The Opposition in Karnataka has warned the BJP-led state government of agitations and legal action against the amendments it has made to laws governing land holdings and labour in a bid to attract investments and facilitate ease of doing business amid the pandemic.
Congress leader Siddaramaiah said his party is considering going to court over amendments to the land reforms Act. “The BJP government has made amendments to land reforms Act and has brought an ordinance. I thought the government won’t come out with the ordinance when there is a Covid-19 crisis in the state,” he said.
Former Prime Minister and JD(S) president H D Deve Gowda too has opposed the amendments to the land reforms Act and labour laws and written to Chief Minister B S Yediyurappa, seeking their withdrawal.
“These amendments are retrograde and anti-farmer and anti-labour. In the best interest of farmers and the labour force, they should be withdrawn immediately,” Deve Gowda said. He has called a meeting of pro-farmer and labour groups on August 4 to chalk out a plan to oppose the amended laws.
Major amendments have been made to the Karnataka Land Reforms Act 1961 through a Bill passed in March and an ordinance in July. The state cabinet has now cleared the path for changes to laws governing factories, industrial disputes and contract labour through the ordinance route.
An ordinance promulgated on July 13 with the assent of the Governor has repealed four key sections of the landholding law, which restricted sale of agricultural land.
Section 63 A of the land reforms Act, which imposed a ceiling of ownership of 10 units for a five-member family, and sections 79 A, B and C, which limited farm land rights to agriculturists and to those earning below Rs 2 lakh per annum, were repealed through the ordinance.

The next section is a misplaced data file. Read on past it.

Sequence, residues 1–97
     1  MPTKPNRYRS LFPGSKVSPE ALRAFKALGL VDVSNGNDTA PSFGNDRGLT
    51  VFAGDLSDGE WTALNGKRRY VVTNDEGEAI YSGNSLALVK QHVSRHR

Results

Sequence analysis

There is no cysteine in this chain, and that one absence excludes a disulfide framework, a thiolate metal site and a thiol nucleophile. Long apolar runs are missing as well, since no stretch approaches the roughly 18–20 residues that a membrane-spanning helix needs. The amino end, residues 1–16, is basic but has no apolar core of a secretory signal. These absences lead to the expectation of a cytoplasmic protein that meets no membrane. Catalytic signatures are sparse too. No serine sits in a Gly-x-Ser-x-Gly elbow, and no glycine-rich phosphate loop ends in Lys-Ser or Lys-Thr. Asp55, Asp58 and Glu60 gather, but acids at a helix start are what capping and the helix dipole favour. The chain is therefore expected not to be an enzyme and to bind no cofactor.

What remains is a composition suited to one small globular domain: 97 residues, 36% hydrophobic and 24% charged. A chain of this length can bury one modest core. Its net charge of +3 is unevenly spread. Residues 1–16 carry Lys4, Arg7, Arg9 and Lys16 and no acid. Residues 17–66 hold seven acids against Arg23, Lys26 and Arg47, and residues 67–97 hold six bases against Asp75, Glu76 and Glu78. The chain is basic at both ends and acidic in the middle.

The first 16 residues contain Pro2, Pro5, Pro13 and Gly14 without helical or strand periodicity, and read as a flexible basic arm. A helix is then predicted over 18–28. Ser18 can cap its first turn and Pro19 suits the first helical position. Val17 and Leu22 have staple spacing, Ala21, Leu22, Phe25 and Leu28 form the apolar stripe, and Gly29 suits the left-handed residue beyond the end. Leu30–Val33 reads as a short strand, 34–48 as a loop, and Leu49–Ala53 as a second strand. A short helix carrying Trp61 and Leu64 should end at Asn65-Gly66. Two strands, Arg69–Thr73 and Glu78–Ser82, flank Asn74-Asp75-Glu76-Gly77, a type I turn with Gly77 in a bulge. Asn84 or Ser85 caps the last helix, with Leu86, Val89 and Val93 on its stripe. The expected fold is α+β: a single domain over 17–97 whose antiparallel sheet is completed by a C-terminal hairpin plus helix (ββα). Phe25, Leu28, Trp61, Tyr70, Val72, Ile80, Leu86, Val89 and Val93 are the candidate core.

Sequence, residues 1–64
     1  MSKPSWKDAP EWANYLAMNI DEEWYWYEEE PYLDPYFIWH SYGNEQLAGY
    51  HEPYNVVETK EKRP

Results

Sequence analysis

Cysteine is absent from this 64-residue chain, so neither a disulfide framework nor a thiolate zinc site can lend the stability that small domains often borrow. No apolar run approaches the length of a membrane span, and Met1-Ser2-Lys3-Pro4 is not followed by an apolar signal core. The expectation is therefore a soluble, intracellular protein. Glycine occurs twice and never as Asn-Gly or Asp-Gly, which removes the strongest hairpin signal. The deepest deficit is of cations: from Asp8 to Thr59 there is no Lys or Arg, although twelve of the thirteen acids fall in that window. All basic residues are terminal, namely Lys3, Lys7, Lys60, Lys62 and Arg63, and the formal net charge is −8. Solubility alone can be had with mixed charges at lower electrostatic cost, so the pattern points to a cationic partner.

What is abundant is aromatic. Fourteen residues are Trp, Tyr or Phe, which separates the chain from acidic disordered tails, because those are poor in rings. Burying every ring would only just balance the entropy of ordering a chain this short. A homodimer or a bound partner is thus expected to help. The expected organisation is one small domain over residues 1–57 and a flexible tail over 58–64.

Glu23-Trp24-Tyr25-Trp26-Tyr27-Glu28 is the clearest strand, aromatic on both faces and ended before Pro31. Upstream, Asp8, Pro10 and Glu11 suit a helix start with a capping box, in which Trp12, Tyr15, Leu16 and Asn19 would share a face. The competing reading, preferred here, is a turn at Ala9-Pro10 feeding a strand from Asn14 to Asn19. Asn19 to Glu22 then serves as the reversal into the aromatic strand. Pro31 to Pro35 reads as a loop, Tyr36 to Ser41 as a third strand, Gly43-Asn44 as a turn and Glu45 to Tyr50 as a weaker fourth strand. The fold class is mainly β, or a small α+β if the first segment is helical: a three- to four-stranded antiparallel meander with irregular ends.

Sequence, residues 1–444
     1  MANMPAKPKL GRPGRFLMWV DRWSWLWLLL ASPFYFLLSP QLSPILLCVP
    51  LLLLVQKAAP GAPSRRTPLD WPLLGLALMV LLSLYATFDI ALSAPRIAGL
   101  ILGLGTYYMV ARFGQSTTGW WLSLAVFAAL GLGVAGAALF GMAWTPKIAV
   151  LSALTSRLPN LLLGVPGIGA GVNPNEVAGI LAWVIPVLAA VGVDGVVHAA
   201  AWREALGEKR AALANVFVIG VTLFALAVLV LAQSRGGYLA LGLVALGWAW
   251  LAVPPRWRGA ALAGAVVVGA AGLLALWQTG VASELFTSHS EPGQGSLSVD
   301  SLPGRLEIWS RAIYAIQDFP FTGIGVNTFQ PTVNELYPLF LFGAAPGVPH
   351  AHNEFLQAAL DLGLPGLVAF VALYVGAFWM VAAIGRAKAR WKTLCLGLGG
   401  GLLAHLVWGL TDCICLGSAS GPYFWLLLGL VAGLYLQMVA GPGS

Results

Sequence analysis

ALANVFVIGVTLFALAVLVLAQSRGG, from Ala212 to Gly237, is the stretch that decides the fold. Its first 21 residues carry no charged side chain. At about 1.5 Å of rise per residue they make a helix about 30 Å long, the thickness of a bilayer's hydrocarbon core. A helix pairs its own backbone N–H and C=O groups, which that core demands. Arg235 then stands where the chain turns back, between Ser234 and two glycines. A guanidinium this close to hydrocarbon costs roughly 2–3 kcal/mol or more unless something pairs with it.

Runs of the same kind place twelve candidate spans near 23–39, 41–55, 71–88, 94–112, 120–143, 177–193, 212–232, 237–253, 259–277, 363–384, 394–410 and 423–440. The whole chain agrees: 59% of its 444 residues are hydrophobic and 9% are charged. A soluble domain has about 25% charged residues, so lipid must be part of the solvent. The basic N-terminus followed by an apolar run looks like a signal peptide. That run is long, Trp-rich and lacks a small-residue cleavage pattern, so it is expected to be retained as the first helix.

On July 23, the cabinet cleared proposals for reforms to three labour laws through the ordinance route. The government has proposed to promulgate the Industrial Disputes and Certain Other Laws (Karnataka Amendment) Ordinance 2020 to allow industries with up to 300 employees to shut without government approval, raising the cap from 100 workers.
Another proposed change is a modification of clauses in the Contract Labour (Regulation and Abolition) Act, 1970, as per which factories employing more than 20 contract workers have to be inspected and cleared by the state for carrying out operations. This cap is proposed to be raised to 50 workers, state Law Minister J C Madhuswamy said.
The third proposed change is to the Factories Act 1948 to increase the overtime limit for workers from 75 hours per quarter to 125 hours per quarter.
“Many small and medium industries are on the brink of closure and big industries are in trouble. Industry groups have been talking to us and several laws have to be amended for ease of doing business. We have taken steps in this direction,” Industries Minister Jagadish Shettar said.
“Land cost is high in Karnataka. Investors were going to Andhra Pradesh and Tamil Nadu as a consequence. The land reforms will change this,” said president, Federation of Karnataka Chambers of Commerce and Industry, C R Janardhana.
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